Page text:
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Classic Threads

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Please don’t ask me what my name is.
Or in what city I was born.
Or where I grew up.
And especially not why I am here.
I stroll by the church, which I know is not the place for me.
I window-shop at a vintage clothing store, a novelty coin shop, and a scented wax outlet.
With $300 on my Bank of America card, I must choose my purchases wisely.
I am just another runaway girl on the streets- according to everyone else. I shudder at the thought of what could happen to me if I am not careful. I have heard one enough horror stories about young homeless girls who are forced to work as slaves or prostitutes.
To make sure that that won’t end up becoming my fate, I take care not to talk to any strangers. If I happen to glance at one, I casually look away.
The first thing I must do is rent out at some place for a few nights. After that I must immediately get a job. Any job will do. But secretly I am hoping to get a job as a busgirl or something.
If only there was a way to run away without having to leave home. I know what I have left behind and I need not be reminded of it.
I reminisce about the hot breezes and the massive umbrella trees that we used to practically live under. But then I recall the one too many unendurable fights I had to hear and face. They decided that they had enough of me themselves.
There was no place for me in that small, happy-go-lucky town which I came from.
I continue to pace down the city street and bite down hard on my lip to distract myself. There is no room for pain and sorrow in the city that never sleeps or stops working.
After taking a ten hour bus ride and having slept the night on a bench, I am ravenous.
Best hot dogs in town! Right here! Now!
I hear a plump, mustached man yell this out from behind his cart. He is rolling a long stick of hotdogs on a stove.
I watch the pale, limp sausages turn and turn and become crisp, tasty hot dogs that everyone craves.
The vendor looks past me until I fish out a buck and hand it to him.
Then he smiles warmly.
Ya know, it don’t get any better than this!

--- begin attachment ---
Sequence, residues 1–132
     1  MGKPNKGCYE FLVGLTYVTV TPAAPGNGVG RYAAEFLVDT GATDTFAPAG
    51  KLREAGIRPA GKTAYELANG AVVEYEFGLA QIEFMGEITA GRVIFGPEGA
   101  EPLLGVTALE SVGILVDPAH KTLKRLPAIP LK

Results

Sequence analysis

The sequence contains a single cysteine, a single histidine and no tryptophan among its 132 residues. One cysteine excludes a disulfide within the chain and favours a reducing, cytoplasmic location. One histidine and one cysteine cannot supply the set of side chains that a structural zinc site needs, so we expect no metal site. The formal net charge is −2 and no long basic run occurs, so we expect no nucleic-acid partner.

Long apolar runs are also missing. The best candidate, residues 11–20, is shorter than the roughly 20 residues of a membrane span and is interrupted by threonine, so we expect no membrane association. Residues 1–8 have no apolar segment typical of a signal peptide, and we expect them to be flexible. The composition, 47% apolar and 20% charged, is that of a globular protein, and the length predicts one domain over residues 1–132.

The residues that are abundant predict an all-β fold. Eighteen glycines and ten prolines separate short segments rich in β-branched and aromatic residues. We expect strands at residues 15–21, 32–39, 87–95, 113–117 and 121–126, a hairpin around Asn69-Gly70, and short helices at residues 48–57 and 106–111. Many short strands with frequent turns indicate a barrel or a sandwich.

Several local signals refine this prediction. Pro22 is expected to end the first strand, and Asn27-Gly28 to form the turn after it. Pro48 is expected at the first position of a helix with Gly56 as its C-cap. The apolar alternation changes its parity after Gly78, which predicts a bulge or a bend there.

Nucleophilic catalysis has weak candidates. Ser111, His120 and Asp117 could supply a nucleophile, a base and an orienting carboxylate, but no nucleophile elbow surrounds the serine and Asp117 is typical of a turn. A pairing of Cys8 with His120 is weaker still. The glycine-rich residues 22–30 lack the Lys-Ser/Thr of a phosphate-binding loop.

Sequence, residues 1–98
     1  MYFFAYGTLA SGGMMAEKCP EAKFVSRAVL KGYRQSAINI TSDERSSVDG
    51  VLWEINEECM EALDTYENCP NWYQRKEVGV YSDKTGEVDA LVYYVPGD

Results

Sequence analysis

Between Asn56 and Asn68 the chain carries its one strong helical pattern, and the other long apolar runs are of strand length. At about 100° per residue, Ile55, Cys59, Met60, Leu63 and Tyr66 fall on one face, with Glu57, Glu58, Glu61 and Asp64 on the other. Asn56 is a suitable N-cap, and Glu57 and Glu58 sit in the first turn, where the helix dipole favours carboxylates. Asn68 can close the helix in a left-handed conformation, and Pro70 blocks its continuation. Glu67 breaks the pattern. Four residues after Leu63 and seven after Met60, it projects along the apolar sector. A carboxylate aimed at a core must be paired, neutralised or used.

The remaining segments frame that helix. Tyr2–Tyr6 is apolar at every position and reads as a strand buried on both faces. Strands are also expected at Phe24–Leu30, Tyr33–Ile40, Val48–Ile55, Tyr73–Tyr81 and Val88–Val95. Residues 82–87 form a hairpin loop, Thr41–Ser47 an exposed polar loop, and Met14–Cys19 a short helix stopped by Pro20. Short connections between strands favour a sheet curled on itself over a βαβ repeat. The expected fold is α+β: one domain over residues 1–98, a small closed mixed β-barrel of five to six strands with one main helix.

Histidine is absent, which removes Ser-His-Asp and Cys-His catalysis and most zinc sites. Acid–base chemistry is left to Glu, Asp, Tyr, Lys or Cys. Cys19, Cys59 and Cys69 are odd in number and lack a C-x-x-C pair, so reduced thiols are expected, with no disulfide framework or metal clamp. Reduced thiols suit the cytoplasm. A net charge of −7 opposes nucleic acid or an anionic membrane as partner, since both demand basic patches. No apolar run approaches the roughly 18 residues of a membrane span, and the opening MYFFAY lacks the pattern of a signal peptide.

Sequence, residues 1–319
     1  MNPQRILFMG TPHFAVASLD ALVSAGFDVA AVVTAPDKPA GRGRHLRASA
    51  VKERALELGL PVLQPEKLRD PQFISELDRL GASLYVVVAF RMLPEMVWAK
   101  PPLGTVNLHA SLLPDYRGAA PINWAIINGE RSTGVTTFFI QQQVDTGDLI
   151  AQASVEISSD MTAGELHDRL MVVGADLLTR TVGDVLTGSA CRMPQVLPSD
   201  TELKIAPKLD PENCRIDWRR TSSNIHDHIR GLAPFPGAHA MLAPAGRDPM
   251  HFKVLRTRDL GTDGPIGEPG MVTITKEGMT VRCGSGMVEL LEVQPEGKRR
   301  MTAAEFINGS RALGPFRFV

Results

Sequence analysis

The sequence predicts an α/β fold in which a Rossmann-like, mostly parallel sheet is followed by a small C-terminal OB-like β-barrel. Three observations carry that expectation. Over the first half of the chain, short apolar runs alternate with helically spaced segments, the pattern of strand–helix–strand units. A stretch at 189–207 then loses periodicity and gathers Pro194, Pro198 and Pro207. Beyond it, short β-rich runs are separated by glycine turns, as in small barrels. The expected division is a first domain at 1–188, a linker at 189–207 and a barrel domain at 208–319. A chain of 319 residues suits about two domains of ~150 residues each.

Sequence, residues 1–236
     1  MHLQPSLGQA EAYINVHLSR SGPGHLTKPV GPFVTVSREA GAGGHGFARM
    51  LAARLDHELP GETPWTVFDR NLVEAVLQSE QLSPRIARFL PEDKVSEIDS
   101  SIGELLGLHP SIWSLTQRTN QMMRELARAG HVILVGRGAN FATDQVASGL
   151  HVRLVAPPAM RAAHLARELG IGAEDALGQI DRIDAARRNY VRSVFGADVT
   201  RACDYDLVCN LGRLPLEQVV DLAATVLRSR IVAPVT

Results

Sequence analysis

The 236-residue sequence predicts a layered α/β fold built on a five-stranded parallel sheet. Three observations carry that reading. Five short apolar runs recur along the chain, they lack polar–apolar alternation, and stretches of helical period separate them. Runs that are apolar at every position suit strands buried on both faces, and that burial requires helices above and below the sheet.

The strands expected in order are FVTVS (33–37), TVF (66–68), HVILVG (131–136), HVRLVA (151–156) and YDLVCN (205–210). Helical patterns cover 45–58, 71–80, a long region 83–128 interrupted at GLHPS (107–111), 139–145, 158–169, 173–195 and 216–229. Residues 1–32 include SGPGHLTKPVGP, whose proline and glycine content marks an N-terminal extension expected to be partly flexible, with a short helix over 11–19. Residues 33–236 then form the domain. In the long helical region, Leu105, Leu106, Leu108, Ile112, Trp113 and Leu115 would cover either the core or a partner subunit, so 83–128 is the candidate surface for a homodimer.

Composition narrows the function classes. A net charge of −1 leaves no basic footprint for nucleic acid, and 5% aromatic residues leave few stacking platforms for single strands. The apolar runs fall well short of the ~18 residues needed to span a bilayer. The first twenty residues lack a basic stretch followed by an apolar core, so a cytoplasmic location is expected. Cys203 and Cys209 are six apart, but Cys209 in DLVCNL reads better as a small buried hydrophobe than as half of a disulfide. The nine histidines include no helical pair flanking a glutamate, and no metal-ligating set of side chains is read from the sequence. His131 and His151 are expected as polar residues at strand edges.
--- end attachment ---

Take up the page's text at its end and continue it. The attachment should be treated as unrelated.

I smile and nod. I am not too sure how to address the city folk.
I have spent a total of one dollar fifty so far. Not too bad.
I scan every store window for an employees wanted sign. At this point it does not matter which store I choose.
I sigh and rub my eyes. I enter a clothing store, called Classic Threads, which has an employees wanted sign but that doesn’t need one because it screams those words. The thought of being inside that cold, bleak store gives me discomfort. I especially need discomfort-cold, bitter discomfort that is well-known to me, a poor lost girl trying to make a place for herself in this strange new world.
I know that there is a lot of work to be done there, that is if I do get hired. The line of interviewees is not very long.
But I put on my smile and try to make the best impression…


Four months later…

Things have improved. The store looks more inviting, like a hip clothing store. I put a lot of my effort into working. Not that I particularly care for this place. The owner, Ms. Mink, is an old frugal lady who always talks of achieving success. I do admire her though. She has more gusto at her age than any youth I have ever seen does.
Nevertheless, let’s just say that working here is not exactly the icing atop of my weird, unpredictable, twisted, cake of a life.
But I see this place as a reflection of myself that others must see. I must prove that I single-handedly turned this dirty, old cavern into a luxurious oasis for the teenage generation. I painfully remember how I was constantly accused of being a failure and a no-good back at home.
Besides, Mrs. Mink loves me. She is constantly riddling me with promises of promotions in her acquired grandma voice. If only she understood the psychology of teens better. Not having had any kids herself, her idea of entertaining them would be telling one of her arid stories about her bubbly youth while going through three packs of cigarettes.